The miles were going by with a struggle and I told myself that if I didn’t feel at least a little better by Camp 10 Bears (47 miles) I’d have to call it a day. I was not really running with anyone at this point and 17 miles seemed like a tall task feeling like I did but I continued on and then right about at mile 38 before the Lincoln Covered bridge aid station I magically felt a bit better. The sharp pains subsided and went numb for a while and as I crossed Rt 4 and went on to the bridge I saw my dad on the other side and almost broke down in tears. I gave him a hug and continued on to the aid station where my mom had jumped in to volunteer. I loaded up on potatoes/salt and restocked my water and headed out feeling as good as I had all day long. Maybe I could do this, if I could just get to 70 feeling ok perhaps I could finish in less than 24 hrs and accomplish what I had set out to do; push the pain down deep, there is no pain. The next 11 miles were all dirt road and we really started to see the giant endless hills that would haunt me later in the day. But, at this point I felt like I was in a groove and came down the hill to Camp 10 Bears yelling that “I’m back from the pit!” This was the first weigh in and I was a bit nervous but weighed in exactly what I had started at, whew! By that time my folks had switched to volunteering there as well and what zoo it was! Tons of runners were there in various conditions but the guys again took care of me and I fueled up and set out up another hill, which was followed by one of the worst climbs of the day. Dirt road turned to jeep road, to muddy track and by that time the deerflies were attacking me with reckless abandon. It seemed like that climb took me 20 minutes and I just remember feeling pretty exhausted after that. I slogged on past the mile 50 marker in the middle of the woods and on to Tracer Brook at mile 57. I switched socks again and set out.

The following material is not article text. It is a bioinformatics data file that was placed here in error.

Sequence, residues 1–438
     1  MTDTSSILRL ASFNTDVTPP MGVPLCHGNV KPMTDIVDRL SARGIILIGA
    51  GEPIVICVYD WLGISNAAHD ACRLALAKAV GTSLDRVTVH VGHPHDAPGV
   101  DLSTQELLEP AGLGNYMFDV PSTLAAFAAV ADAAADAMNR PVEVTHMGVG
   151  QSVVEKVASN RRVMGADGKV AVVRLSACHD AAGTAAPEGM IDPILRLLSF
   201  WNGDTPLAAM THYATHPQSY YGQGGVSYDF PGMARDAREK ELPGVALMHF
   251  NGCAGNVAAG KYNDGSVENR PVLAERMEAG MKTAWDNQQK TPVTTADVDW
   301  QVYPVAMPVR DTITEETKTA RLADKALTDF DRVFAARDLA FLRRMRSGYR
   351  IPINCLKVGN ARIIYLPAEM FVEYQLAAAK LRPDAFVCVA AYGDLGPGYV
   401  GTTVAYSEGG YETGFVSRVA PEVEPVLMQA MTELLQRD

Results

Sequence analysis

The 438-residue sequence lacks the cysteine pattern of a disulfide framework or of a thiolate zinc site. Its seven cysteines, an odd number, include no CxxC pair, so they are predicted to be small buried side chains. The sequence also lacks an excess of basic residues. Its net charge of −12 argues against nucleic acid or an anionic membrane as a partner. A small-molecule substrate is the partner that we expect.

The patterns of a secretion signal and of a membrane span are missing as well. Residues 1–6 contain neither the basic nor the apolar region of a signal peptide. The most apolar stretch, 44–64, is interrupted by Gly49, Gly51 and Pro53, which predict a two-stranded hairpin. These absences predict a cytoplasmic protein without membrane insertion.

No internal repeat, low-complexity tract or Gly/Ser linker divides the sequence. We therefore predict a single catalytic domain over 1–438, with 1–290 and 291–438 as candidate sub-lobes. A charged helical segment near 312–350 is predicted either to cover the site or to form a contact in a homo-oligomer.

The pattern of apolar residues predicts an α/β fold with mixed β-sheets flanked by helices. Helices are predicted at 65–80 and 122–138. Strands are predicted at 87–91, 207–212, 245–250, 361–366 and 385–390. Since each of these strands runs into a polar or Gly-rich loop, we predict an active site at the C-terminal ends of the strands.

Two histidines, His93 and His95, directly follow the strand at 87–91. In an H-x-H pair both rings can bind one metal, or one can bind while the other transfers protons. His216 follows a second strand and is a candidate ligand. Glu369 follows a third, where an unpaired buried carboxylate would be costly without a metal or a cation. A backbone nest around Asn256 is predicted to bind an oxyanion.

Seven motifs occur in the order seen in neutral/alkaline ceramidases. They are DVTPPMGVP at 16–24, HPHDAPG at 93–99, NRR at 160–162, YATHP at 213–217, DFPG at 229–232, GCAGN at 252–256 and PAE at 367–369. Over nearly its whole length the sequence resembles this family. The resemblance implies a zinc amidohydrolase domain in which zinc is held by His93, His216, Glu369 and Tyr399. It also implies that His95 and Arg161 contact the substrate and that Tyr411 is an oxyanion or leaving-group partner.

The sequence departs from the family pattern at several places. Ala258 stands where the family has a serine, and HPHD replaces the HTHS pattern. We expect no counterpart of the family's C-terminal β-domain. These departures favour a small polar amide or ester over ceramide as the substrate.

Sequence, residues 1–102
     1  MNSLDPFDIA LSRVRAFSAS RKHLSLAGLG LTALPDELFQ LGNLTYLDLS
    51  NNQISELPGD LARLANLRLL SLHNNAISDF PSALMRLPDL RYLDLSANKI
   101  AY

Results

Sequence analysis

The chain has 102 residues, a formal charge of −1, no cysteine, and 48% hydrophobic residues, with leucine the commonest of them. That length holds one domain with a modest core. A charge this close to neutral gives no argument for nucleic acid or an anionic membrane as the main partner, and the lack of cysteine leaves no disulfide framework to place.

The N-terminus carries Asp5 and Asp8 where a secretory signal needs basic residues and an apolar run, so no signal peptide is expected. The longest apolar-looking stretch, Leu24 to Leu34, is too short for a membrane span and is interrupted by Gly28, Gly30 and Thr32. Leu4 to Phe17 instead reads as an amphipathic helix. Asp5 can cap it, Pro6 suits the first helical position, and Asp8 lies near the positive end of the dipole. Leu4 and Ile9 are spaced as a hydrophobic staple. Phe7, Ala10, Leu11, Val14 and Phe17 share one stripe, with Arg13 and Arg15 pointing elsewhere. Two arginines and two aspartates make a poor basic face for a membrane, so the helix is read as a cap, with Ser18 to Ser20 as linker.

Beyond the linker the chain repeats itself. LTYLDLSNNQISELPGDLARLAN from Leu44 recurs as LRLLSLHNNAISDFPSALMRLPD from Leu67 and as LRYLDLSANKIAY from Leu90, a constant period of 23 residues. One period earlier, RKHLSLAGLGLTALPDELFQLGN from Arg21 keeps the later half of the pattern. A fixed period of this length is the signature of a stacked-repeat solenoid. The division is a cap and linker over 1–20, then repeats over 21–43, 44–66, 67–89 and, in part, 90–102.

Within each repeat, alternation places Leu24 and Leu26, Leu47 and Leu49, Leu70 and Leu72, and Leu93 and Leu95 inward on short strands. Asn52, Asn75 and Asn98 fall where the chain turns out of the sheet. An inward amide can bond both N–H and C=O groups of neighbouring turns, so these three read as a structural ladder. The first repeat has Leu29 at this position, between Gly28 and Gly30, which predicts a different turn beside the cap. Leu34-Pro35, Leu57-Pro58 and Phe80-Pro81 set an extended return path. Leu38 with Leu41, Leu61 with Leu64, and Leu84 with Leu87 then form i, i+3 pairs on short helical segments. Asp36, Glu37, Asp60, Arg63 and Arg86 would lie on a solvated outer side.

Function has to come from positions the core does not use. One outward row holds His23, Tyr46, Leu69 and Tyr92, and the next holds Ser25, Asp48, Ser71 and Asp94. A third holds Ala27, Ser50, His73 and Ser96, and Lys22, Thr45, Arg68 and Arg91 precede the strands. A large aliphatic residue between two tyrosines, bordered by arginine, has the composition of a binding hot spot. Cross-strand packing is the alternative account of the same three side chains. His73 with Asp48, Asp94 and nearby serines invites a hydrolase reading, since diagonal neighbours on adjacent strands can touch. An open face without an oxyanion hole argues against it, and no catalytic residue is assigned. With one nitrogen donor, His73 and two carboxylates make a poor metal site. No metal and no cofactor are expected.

At this point I settled in to a nice rhythm with a guy from
We had some great section of trails to run as the sun was setting and when night fell the race started all over again. We were running through some great single track as night fell and when we emerged from the woods we encountered that giant harvest moon over the hills and fields. What a sight, I can’t put it in to words without thinking about the contrast of the beauty of the setting and the absolute agony I was feeling by that point. Coming in to West Winds at mile 77 we climbed a candlelit hill and I got some soup and hot chocolate; I needed caffeine! I was right on schedule at that point and Mike was there to get me what I need and also to point me in the right direction as I tried to run in the opposite direction leaving the aid station!
These next miles were agony and I must have looked like a bent-over stumbling, old man version of myself at points. I did manage to clip off some miles on some single track and dirt roads and I felt like running at Kevin’s elbow was working ok. Get to the next aid station, just keep moving forward, and push away the pain. The hills seemed to be coming more frequently and they were frustrating me a bit as I just could not move up them fast enough. I was mumbling to myself at that point and laughing out loud a bit; I could not have been the most enjoyable company. Finally, off in the distant night we saw the lights of Bill’s at mile 88, the final big aid station and weigh in. Coming in to Bill’s it was like happening on a crazy field hospital in some bizarre war movie. There were people sleeping in chairs, people throwing up, bright lights everywhere, people in various states of degradation…I weighed in for the last time, had gained another pound but they said I was ok to go on. I grabbed some soup and tried to eat as much as possible while staring blankly at the woman on the bench next to me with her running skirt half on rubbing vaseline furiously on herself. Soup was all over the place and I stumbled around wondering what to eat or do next. Mike was there of course and that was the last time I’d see him until the finish; just 12 miles to go.